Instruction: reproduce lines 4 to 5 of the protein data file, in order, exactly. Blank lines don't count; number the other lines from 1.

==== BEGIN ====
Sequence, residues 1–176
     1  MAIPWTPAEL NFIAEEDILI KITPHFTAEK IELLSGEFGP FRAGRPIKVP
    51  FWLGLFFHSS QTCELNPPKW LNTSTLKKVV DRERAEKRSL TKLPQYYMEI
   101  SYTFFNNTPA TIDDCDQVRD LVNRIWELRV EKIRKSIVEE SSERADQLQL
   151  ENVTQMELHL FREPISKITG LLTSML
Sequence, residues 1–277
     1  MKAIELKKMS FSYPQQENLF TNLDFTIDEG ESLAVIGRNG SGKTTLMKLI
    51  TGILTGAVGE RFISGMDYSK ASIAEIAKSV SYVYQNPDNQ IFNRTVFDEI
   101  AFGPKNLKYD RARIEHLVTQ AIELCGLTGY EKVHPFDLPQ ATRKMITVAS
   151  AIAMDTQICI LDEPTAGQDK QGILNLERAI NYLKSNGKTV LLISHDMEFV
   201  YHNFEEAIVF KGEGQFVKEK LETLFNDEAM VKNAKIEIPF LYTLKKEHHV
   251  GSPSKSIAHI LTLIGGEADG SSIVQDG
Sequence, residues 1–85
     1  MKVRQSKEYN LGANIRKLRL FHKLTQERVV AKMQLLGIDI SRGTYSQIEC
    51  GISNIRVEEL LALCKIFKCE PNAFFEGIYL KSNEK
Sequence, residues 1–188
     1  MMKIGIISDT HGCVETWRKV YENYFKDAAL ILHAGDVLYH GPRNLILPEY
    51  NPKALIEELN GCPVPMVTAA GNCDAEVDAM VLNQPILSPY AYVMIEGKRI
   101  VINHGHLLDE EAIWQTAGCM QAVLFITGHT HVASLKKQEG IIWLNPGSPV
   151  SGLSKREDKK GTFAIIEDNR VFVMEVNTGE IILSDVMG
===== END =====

   101  SYTFFNNTPA TIDDCDQVRD LVNRIWELRV EKIRKSIVEE SSERADQLQL
   151  ENVTQMELHL FREPISKITG LLTSML